When you are a child in a toxic family situation, it can be hard to see the trauma and abuse that is being inflicted on you. After all, you are totally in it then – at the mercy of people who are supposed to be taking care of you. No matter how much harm they cause you – maybe even on a daily basis – you are still reliant on them.
Often, at the time, and for years after, you are still hopeful your family member may change. You may very well be in denial that something horrible occurred. Worse yet, you may believe that anything that happened was your fault. That is part of what makes your family toxic: the constant gaslighting, the rejection of wrongdoing, and the placing the blame on you – the child.
It’s awful, awful, and I want you to know that you are not alone. If you have been hurt in this way, you know exactly what I’m talking about. You know how hard it is to admit, even years later. To see it clearly, to realize that you were not in the wrong – they were.
You know how the pain that you were not able to express in childhood still lives inside you, coming out in its own twisted ways during your teenage years, young adulthood, even now. Maybe your pain has been expressed as anxiety, depression, addiction, rage, or self-harm.
And maybe now you finally see the harm it causes you and you have had enough. Your pain is real and you want to break the cycle once and for all.
Maybe you are exactly where I was just a few years ago, realizing that the people who caused you pain in childhood … well, they keep doing so even now. Each encounter with them is just as fucked up as it ever was. Oh, they have “apologized” – maybe. But apologies mean nothing if the pain and damage is still inflicted on you with every encounter.
This is how I knew that it was time to cut ties with the family members of mine who acted this way. I knew that no matter how strong and grown-up I was, I could not be around that toxicity any longer. And I realized that this wasn’t a weakness on my part: it was – finally – an assertion of a boundary. It was the claim that I had a choice in the matter here. I didn’t have to play victim to that kind of treatment any longer.
It was freeing as fuck. But also terrifying. And the thing is, once you’ve made the decision to cut contact with those family members, there is nothing cut and dry about the process. Everyone needs to find their path with it – and in fact, it’s an ongoing path that some of us are constantly navigating.
It might be clear to you that you must cut off all contact with your family or family member in order to stay well. This is a decision you should feel 100% empowered to make. There are some family members who cause the kind of damage that is just not survivable, not for one more second of your precious life. And there are people for whom setting up a boundary just isn’t going to cut it.
If they are in your life at all, it is a bad situation, one that you shouldn’t have to live with anymore. How you announce the “cut” is up to you, and I would definitely recommend thinking it through and coming up with a plan – either with a therapist, or a loved one who understands the situation and supports you without hesitation.
However you do it, remember this: it is not your job to justify your decision. And once you’ve made it, there is no negotiating. If someone has hurt you enough for you to go “no contact,” that person doesn’t deserve much more than a simple, “I don’t want to be in contact with you any longer.”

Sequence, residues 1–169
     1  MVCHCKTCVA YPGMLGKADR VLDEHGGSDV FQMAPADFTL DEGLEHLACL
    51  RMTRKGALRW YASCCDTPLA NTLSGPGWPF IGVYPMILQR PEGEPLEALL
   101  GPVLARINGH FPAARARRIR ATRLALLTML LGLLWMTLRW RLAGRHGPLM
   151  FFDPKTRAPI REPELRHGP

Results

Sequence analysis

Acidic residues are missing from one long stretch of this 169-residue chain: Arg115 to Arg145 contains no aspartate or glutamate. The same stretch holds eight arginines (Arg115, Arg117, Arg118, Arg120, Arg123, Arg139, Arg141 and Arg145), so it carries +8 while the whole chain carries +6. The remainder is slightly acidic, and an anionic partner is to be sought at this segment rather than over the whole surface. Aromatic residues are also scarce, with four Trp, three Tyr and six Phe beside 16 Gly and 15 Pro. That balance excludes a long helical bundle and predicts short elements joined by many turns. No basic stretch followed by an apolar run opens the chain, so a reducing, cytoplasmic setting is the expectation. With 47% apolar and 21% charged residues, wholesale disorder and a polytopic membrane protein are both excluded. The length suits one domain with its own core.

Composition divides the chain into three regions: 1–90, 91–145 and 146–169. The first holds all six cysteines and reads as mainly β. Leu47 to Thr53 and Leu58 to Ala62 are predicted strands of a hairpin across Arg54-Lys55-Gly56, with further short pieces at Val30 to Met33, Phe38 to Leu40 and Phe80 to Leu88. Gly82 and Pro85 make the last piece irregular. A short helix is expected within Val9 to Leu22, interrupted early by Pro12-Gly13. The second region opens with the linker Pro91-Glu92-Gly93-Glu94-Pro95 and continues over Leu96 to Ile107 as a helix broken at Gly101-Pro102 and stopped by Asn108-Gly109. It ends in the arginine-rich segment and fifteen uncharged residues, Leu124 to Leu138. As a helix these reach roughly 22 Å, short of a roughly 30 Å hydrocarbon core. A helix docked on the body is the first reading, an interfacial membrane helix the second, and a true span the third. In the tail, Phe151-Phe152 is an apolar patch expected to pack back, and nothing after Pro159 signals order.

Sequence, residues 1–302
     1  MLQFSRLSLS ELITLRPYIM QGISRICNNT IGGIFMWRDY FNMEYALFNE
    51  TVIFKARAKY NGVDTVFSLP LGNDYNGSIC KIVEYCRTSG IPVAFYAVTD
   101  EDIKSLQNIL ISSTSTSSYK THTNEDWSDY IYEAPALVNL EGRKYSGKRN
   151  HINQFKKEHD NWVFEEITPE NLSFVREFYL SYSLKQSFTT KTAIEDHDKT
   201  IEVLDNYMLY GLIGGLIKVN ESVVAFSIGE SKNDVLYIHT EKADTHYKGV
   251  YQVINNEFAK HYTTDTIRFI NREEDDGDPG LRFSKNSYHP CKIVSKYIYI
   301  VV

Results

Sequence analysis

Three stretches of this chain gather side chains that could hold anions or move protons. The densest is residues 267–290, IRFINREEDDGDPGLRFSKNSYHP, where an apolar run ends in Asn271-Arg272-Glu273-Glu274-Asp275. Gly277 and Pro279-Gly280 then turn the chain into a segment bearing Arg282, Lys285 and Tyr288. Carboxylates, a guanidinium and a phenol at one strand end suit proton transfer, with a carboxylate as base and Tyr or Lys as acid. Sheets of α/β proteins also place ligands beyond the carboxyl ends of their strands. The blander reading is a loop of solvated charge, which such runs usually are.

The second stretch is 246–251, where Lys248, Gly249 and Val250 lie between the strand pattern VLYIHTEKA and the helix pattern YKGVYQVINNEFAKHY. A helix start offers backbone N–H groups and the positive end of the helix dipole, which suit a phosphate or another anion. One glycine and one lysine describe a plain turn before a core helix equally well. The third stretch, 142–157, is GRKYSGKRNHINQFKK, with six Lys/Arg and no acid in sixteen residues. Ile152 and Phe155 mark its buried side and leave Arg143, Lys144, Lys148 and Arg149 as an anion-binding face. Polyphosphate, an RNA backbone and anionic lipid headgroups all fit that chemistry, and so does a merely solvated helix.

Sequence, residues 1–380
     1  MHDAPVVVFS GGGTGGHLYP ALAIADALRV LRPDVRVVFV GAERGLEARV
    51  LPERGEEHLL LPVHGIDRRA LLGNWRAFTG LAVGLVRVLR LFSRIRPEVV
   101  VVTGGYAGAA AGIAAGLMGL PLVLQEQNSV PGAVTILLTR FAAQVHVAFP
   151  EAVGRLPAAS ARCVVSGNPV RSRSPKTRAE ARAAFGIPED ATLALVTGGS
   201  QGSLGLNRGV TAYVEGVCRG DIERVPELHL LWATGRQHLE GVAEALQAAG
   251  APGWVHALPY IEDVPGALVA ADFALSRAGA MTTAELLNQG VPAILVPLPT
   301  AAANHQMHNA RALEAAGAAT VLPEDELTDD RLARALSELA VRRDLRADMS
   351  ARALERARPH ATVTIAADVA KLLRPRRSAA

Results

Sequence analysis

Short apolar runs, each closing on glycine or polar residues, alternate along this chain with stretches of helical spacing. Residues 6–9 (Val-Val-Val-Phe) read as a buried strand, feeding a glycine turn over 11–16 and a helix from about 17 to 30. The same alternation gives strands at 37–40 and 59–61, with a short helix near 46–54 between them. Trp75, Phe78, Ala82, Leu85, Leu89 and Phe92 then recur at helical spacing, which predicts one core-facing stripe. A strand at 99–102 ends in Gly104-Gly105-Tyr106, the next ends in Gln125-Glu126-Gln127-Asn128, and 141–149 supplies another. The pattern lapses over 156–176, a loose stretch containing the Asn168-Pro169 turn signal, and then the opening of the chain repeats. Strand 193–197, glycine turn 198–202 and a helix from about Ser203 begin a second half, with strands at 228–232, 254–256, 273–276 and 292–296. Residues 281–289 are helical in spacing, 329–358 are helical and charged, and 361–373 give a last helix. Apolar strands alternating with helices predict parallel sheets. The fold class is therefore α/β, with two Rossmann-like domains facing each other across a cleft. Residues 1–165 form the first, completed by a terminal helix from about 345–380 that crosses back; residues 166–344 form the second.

It’s your choice how much more you want to communicate, and how you want to do it (in person, phone, text/email). Again, that is up to you, and don’t let anyone tell you otherwise.
Before you go complete “no contact,” you may want to try setting up some very clear boundaries as a first step, or a trial of sorts. That’s where I am at, currently. There were a few steps I took with certain family members in terms of how and when I was willing to communicate with them, under what conditions I would see them, and even the subjects I was willing to discuss with them.
My therapist helped me identify which sorts of things were “non-negotiables,” and how to express those to my family members. And I did not back down on those, no matter how tempted I was to do so, or blame myself for coming on too strong (the struggle is real when you are finally asserting yourself after being silenced for too long).
In addition, I unfollowed these family members on social media (gotta love the good old unfollow button), and limited what I shared with them on social media (look into “lists” on Facebook, so you can decide who sees your pics and posts). I also decided to cut any financial arrangements or ties with these family members, no longer accepting money from them for anything other than my children’s birthdays.
This is my first step, and I’m going to see how it goes. But the bottom line is that if hurt and pain is still inflicted on me even with these strong boundaries, there will have to be a re-evaluation to see if a more complete separation is necessary. It is very scary to consider, but it is even scarier to imagine myself living a life of constant damage. It isn’t fair to me, my partner, or my children.
Cutting ties with your family is a process, for sure, and each of us has our own path with it. No one’s process looks the same, nor should it. I recommend that you navigate it with a licensed therapist, or someone you trust highly to support you and help you come up with a clear plan for how to do it.
But here’s what I want you to remember most: Believe in yourself. Trust your instincts. You spent so much of your life in doubt – blaming yourself for the pain that others inflicted on you. Standing up to that is going to be more difficult than you might realize. But you can do it. I have faith in you.
You are stronger than you know, and you deserve to finally live a good life, surrounded by unconditional love and support, and nothing less.